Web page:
Andy Birkett has added his name to the entry for the Bay Union King of the Bay surfski classic on Sunday, adding real spice to the iconic race from the Silt Canal Bayhead, across Durban harbour and out through the breakwater piers into the open ocean.
With mild weather conditions forecast for Sunday morning, the conditions will play into Birkett’s hands as he squares up to the Durban surfski series pacesetter Matt Bouman (SMG/Epic Kayaks), who was last year denied by the surprise visit to the event of Capetonian Brandon van der Walt.
Bouman will still fancy his chances, with Van der Walt and 2016 champ Hank McGregor both absent, and he will relish the challenge from Birkett, and the class of the ever-improving Luke Nisbett, over the demanding 22 kilometres race.
Birkett finished second last year, and says he feels he can go one better.
“I have a very healthy respect for Matt Bouman, especially in the ocean ,” said the Euro Steel racer, the reigning FNB Dusi Champ and World Marathon Champs silver medallist.
“I don’t want to put myself under too much pressure, but then I am very competitive and I go into races to try and win them.” he added.
Birkett’s skills in the ocean have come on in leaps and bounds in the past year, and he rates his second place in last year’s King of the Bay as a rookie error.
“I thought I had the jump on Brandon (van der Walt) in the sprint to the beach, then I decided to try and put my ski on my head for a Dusi-Style portage to the finish line. That was a spectacularly bad idea!” he recalls.
Now married and living in Durban Birkett can fit in a lot more ski training, while his principle aim remains training for the national canoeing marathon championships next month.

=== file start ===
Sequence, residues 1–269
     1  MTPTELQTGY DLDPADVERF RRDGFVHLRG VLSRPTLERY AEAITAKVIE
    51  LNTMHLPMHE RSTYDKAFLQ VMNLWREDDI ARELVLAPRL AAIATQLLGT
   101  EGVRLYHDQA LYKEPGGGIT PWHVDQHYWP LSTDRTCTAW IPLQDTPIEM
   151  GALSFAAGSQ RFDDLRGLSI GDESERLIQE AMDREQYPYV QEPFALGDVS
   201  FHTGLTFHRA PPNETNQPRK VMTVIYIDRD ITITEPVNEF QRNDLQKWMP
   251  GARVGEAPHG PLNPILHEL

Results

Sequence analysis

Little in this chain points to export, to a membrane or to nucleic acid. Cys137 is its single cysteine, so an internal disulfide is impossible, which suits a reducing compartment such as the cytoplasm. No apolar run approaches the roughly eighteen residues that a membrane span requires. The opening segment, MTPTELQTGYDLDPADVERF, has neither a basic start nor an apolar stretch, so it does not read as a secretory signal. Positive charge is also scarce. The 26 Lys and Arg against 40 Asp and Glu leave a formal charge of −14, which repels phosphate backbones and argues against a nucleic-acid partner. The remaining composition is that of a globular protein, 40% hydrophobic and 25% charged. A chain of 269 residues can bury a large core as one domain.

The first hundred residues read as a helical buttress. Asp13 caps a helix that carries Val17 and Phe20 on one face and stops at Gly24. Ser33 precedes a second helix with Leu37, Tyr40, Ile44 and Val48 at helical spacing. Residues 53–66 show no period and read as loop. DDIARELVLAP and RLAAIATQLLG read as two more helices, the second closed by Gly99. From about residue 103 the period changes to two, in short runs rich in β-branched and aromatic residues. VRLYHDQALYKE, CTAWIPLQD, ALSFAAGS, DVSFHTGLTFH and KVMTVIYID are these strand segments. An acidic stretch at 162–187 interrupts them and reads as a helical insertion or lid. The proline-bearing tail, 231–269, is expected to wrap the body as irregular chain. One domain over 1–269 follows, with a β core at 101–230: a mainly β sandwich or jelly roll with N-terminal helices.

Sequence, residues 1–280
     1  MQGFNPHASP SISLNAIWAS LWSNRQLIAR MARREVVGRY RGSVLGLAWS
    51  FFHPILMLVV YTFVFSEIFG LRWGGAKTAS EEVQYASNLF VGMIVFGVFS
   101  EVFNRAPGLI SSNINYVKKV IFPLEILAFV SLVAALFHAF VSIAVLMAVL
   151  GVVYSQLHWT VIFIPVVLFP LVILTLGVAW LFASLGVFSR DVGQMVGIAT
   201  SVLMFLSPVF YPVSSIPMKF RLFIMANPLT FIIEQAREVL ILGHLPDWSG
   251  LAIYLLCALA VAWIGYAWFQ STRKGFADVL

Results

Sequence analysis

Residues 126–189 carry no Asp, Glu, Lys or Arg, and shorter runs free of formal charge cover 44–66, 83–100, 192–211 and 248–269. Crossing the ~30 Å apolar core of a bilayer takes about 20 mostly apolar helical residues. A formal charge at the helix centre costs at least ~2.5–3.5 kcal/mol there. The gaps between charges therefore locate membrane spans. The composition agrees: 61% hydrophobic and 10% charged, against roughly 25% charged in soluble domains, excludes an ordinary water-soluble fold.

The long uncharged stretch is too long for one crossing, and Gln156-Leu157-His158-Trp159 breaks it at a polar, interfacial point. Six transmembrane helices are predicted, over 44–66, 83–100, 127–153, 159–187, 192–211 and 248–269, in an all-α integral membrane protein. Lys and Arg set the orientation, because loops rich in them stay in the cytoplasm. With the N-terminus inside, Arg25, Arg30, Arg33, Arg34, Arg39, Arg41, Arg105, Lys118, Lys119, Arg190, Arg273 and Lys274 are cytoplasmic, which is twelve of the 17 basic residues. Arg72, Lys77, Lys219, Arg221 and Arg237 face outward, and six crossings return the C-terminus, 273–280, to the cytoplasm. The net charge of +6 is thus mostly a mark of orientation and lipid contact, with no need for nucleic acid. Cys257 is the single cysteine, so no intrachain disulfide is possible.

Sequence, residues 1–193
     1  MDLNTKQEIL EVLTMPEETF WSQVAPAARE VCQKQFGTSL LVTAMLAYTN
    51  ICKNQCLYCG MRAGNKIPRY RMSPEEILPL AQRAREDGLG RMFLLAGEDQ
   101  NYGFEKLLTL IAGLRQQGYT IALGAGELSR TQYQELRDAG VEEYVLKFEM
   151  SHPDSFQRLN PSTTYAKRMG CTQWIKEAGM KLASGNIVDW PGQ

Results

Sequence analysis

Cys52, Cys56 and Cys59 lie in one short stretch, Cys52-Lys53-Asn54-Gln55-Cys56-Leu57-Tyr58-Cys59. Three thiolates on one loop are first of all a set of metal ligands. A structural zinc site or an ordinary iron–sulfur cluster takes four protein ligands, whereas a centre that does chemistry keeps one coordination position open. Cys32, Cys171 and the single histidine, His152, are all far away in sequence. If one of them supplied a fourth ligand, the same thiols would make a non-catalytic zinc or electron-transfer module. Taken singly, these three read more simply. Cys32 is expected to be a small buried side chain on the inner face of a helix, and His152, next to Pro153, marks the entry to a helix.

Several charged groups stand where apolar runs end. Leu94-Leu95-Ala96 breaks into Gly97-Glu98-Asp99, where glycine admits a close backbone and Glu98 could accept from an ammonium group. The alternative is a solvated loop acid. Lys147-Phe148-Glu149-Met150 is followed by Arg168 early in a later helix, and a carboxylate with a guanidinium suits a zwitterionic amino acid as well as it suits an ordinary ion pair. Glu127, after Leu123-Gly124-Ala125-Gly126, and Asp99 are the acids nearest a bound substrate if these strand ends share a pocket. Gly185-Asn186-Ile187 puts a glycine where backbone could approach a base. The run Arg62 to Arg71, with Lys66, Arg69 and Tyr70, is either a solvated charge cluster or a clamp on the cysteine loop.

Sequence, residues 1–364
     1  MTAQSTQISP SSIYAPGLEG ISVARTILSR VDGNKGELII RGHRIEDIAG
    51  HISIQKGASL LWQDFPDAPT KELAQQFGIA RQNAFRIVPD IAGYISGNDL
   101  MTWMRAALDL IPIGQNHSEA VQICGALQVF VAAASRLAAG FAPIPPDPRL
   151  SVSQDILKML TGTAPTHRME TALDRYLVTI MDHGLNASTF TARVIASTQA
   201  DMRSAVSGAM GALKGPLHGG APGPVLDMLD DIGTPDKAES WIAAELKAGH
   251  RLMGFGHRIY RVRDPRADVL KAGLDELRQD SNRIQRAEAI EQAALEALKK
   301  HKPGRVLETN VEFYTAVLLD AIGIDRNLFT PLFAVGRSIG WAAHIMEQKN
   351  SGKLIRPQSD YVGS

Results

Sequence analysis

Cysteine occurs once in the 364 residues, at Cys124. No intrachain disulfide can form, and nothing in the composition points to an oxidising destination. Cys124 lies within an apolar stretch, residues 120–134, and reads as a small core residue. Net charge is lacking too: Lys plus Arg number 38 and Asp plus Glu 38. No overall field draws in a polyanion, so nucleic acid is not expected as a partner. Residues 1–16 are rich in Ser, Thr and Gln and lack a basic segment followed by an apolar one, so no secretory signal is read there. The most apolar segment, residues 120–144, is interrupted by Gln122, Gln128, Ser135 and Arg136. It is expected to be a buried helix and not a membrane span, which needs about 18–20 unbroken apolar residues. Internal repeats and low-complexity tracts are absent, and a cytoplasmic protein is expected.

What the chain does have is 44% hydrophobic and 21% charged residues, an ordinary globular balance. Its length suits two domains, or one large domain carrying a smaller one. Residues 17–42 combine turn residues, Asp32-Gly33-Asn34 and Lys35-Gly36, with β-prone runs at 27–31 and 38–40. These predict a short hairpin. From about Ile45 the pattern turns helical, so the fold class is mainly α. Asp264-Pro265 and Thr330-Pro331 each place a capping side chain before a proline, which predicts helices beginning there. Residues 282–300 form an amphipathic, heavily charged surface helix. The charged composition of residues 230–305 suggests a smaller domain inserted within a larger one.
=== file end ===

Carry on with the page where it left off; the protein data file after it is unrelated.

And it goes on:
The women’s race will be fascinating to follow as a far more open field, laced with variables, will see the likes of Kyeta Purchase, Donna Winter and Kerry Segal and the Under 23 speedster Sabina Lawrie dukeing it out for the top spot on the podium, and a share of the R10 000 in prize money up for grabs at the event.
The race is unique in that it is the only opportunity for surfski paddlers to paddle across Durban harbour and out of the harbour mouth. It is an exercise that involves numerous role players and has been deftly managed by Stella Canoe Club boss Neels Meyers since it’s inception thirteen years ago.
“We start by securing the services of the NSRI, an organisation that has a brilliant relationship with the surfski community,” said Meyer.
“Then we work with the Port Authority and SAMSA to make sure that everyone is on the same page.
“Durban is a major commercial harbour and they won’t actually stop commercial shipping traffic. The race is on a Sunday morning, which is usually very quiet from a ship movement point of view, but we set up thorough communications with all the authorities including the harbour police so that everyone knows about the race.
“It is an intricate process to follow when organising, but we are fortunate to have enjoyed unbelievable support from all of the authorities involved,” said Meyer.
The elite racers complete a 22 kilometres route that turns off the uMngeni River mouth and returns to the finish site at Marine SLC at Addington beach while the inexperienced and less fit paddlers turn straight into Addington beach to complete the 11 kilometre short course.
Weather conditions for the race look superb, which is sure to fuel a surge of last minute entries that will be taken at the start.